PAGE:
Progressive? The disarmament of the population certainly did progress rapidly. As Halbrook wrote in an extraordinarily thorough article published in 2000 in the Arizona Journal of International and Comparative Law:
Within a decade, Germany had gone from a brutal firearms seizure policy which, in times of unrest, entailed selective yet immediate execution for mere possession of a firearm, to a modern, comprehensive gun control law. Passed by a liberal republic, this law ensured that the police had records of all firearms acquisitions (or at least all lawful ones) and that the keeping and bearing of arms were subject to police approval. This firearms control regime was quite useful to the new government that came to power a half decade later.
On March 23, 1933, the Reichstag (German parliament) passed, by a vote of 441 to 94, a measure called the Enabling Act permitting Hitler to make laws without consulting the Reichstag. The president issuing decrees without consulting Congress.
Finally, within a week of assuming autocratic control of the lawmaking power in Germany, Hitler issued the following order regarding gun ownership:
The units of the national revolution, SA, SS, and Stahlhelm, offer every German man with a good reputation the opportunity to join their ranks for the fight. Therefore, whoever does not belong to one of these named units and nevertheless keeps his weapon without authorization or even hides it, must be viewed as an enemy of the national government and will be held responsible without hesitation and with the utmost severity.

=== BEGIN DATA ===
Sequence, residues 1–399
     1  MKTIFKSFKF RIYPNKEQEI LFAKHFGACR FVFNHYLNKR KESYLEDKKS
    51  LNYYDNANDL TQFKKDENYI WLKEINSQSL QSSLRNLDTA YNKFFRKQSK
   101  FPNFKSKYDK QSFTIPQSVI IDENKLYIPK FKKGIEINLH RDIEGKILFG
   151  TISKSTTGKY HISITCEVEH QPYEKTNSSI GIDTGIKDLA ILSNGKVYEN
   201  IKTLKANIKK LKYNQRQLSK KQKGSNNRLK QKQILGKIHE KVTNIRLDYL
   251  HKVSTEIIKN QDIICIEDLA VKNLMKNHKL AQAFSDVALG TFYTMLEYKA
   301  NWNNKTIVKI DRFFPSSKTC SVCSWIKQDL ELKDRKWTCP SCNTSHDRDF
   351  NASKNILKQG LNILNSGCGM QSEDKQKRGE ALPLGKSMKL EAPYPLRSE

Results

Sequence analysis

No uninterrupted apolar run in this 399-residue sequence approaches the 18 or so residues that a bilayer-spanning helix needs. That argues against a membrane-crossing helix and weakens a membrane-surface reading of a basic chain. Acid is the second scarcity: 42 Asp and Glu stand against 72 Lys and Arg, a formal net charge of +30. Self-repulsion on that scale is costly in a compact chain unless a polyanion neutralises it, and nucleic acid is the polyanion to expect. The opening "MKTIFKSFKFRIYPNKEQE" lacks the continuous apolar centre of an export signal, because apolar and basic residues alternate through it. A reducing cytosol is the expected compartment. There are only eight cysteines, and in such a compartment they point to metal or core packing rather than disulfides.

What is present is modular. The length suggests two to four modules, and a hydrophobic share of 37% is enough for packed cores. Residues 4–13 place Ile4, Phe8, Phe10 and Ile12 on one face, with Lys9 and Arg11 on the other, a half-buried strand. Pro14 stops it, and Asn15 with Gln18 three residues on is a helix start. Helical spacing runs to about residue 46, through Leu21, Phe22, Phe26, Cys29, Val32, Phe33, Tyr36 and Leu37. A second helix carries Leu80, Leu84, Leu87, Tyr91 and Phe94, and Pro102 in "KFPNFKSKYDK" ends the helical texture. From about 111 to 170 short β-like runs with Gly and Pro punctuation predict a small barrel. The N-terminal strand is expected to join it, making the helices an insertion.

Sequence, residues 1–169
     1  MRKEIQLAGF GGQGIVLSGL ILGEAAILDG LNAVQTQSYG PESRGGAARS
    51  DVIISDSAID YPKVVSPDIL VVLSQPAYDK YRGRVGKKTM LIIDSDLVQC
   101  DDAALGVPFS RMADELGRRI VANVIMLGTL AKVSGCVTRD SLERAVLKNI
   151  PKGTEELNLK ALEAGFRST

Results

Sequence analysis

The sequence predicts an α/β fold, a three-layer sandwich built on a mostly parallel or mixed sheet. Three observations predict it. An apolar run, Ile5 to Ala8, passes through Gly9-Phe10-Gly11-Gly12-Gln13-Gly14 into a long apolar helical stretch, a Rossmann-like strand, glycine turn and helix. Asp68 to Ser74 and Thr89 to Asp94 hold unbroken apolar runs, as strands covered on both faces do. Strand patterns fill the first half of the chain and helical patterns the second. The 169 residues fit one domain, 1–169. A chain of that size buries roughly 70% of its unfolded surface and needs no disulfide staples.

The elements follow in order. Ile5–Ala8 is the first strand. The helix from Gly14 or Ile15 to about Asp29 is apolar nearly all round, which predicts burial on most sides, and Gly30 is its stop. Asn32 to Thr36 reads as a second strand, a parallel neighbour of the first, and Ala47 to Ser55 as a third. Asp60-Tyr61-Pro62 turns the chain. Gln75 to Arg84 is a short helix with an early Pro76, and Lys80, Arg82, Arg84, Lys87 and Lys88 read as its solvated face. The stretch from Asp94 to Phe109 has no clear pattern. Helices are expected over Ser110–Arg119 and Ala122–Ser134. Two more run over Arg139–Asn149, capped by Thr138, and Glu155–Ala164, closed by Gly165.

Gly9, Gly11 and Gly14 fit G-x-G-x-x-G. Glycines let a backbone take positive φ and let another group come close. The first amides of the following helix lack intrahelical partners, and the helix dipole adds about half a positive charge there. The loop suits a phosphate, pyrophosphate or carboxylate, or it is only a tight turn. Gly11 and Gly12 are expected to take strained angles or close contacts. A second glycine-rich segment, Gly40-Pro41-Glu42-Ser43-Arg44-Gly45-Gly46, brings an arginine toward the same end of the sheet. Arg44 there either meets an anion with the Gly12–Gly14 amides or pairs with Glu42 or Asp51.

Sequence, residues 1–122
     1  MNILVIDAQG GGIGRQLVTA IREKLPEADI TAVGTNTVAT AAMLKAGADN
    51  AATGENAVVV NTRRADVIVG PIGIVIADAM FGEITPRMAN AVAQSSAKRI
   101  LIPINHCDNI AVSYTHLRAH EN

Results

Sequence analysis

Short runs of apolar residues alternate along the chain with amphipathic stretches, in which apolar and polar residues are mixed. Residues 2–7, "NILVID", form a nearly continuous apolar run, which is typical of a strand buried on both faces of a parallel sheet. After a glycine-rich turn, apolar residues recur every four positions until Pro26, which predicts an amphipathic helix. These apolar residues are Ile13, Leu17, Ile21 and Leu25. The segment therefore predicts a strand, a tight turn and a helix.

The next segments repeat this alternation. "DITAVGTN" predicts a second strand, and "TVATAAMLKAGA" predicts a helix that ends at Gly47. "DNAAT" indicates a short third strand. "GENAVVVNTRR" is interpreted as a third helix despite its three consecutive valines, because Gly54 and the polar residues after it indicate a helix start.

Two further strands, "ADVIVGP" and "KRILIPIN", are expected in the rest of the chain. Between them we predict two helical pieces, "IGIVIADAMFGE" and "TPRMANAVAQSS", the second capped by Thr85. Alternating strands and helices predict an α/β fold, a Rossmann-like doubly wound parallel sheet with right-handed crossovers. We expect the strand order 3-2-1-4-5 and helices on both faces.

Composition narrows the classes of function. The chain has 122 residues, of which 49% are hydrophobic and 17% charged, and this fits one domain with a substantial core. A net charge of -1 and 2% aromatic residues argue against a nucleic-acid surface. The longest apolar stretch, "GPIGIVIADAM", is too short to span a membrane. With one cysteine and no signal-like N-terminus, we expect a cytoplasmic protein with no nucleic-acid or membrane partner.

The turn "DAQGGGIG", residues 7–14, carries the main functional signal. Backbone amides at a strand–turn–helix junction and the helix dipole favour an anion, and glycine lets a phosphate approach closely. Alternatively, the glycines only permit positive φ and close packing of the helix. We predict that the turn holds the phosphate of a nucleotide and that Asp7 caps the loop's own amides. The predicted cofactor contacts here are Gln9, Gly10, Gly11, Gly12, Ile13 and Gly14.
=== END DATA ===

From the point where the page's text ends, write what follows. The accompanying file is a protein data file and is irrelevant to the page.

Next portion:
And, in case there were any doubts about the seriousness of the severity, a newspaper entry announcing the edict informed citizens: “If we find military weapons or ammunition after 31 March 1933, we will be forced to proceed ruthlessly.”
This brief, irrefutable recitation of the “progress” of German gun control laws and executive orders seems to illuminate a more than incidental similarity between them and similar policies in the United States of the 20th and 21st centuries.
What does Halbrook say was the ultimate purpose and result of Hitler’s gun-grabbing laws and orders? In the new book, he writes:
By 1938, the Nazis had deprived Jews of the rights of citizenship and were ratcheting up measures to strip them of their assets — including the means to defend themselves. The horrific consequences have names etched in our consciousness: “The Night of Broken Glass” (Kristallnacht) and the Holocaust.
To order Stephen P. Halbrook's important new work Gun Control in the Third Reich, click here.
Joe A. Wolverton, II, J.D. is a correspondent for The New American and travels frequently nationwide speaking on topics of nullification, the NDAA, and the surveillance state. He is the host of The New American Review radio show that is simulcast on YouTube every Monday. Follow him on Twitter @TNAJoeWolverton and he can be reached at